Within the three groups, the clinical success of ZnO-ozonated oil group and vitapex group were comparable at 6, 12 and 18 months while for LSTR group, it was 89.5% which was slightly lesser with statistically no significant difference (P< 0.429). Radiologically, success rates for ZnO-ozonated oil group and vitapex group were 94 and 100% at 18 months. However, in LSTR group, the success rates were 89.5% and 80.9% at 18 months respectively. These results were statistically insignificant (P< 0.396).

In the present study, although all three materials have shown clinically good results, further studies with a larger sample size with a longer period of follow-up is required. Investigations are also required to understand the reaction of periapical tissues to drugs as well as the amount of drug absorption into the systemic circulation. Ultrastructural, histological, and microleakage studies may be helpful to further determine the suitability of ZnO-ozonated oil in future pulpectomy studies.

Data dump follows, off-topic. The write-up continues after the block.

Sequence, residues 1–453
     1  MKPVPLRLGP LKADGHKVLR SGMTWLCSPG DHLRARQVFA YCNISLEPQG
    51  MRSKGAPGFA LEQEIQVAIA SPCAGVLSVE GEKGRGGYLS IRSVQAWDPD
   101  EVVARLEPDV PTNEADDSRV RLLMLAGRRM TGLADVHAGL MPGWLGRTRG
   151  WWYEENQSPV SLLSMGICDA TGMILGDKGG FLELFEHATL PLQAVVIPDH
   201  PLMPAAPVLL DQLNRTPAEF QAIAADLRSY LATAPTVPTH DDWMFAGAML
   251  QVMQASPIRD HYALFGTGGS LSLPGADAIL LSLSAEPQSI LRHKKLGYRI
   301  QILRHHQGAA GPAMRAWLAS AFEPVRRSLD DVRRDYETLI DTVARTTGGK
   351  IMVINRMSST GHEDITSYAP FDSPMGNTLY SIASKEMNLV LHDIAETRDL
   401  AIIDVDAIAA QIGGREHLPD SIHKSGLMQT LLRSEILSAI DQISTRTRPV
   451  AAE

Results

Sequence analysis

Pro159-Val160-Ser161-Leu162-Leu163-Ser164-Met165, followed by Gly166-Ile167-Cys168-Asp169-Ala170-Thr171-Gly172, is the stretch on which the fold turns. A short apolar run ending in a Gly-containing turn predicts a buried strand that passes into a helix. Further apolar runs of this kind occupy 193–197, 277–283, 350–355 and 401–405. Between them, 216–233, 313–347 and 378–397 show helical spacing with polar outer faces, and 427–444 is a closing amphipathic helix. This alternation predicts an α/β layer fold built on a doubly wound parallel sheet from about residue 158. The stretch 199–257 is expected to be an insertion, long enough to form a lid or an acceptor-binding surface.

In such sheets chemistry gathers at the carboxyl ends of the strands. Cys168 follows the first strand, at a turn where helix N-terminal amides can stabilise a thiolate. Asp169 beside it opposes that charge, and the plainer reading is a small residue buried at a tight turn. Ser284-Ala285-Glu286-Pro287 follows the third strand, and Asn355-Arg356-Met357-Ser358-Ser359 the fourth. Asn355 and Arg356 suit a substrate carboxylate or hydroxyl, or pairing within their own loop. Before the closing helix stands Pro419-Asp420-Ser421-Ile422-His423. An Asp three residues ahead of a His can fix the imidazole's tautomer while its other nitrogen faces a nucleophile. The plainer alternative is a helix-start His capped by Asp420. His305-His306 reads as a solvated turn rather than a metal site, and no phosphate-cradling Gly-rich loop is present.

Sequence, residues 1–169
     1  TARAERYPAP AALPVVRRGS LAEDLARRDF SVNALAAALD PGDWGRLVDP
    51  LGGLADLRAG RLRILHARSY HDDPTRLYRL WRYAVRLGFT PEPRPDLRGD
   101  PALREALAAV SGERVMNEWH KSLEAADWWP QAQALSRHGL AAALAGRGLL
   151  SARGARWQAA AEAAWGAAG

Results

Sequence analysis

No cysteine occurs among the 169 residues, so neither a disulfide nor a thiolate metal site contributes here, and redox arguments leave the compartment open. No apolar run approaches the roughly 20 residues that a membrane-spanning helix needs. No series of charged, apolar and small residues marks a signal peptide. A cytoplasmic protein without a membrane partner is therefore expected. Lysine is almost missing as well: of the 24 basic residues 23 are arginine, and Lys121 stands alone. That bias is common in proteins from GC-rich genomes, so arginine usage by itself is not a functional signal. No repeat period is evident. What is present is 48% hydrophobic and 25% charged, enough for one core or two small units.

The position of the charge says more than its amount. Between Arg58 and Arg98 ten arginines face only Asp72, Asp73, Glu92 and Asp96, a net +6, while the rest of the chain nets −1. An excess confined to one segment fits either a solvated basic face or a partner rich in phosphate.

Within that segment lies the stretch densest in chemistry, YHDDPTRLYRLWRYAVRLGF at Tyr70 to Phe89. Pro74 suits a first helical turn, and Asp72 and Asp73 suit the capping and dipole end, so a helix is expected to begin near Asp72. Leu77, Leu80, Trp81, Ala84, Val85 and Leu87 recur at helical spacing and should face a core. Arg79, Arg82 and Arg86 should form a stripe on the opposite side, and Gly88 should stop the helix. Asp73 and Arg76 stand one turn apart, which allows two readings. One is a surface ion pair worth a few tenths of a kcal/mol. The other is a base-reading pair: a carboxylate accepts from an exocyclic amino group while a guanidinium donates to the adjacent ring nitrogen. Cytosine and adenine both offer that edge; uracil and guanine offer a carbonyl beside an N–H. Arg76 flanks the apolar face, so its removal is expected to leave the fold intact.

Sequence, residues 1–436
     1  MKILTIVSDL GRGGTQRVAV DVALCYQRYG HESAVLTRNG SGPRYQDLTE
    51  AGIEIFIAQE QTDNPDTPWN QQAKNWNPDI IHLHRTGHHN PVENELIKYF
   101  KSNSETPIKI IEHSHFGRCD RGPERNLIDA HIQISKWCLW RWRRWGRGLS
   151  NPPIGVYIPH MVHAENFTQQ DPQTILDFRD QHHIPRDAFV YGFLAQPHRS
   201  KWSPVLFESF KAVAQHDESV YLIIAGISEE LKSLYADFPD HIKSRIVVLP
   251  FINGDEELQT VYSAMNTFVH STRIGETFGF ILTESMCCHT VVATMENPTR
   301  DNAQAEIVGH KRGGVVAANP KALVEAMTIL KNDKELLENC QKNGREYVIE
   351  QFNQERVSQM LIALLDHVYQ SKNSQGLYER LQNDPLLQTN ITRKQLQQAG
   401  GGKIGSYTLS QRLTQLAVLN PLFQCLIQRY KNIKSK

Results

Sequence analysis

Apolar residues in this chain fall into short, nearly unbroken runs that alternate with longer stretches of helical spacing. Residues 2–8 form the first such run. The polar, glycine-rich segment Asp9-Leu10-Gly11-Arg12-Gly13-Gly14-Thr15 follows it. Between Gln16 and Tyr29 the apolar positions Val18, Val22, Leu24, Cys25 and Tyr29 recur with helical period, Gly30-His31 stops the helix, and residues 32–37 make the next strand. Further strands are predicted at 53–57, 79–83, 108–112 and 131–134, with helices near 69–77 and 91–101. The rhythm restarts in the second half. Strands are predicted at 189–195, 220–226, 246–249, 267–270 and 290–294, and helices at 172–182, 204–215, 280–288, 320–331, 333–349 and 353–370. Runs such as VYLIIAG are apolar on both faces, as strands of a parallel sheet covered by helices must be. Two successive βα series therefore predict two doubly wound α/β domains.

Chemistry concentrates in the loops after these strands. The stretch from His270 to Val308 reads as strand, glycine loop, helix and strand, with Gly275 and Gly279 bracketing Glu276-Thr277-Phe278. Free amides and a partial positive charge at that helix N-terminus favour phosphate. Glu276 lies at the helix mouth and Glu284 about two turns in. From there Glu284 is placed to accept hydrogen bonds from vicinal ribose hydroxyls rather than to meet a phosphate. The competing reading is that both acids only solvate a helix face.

Conclusion Top


Within the limits of the present in vivo study, we conclude that all three materials used in ZnO-ozonated oil, modified 3Mix-MP, and vitapex can be used effectively as pulpectomy agents in deciduous teeth. It can also concluded that ZnO-ozonated oil can be safely and successfully used as a new obturating material in primary teeth, and modified 3Mix-MP antibiotic treatment can be a substitute of conventional root canal treatment in primary molars.

Financial support and sponsorship

Nil.

Conflicts of interest

There are no conflicts of interest.

 
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    Figures

  [Figure 1], [Figure 2], [Figure 3], [Figure 4], [Figure 5], [Figure 6]
 
 
    Tables

  [Table 1], [Table 2a], [Table 2b], [Table 3a], [Table 3b]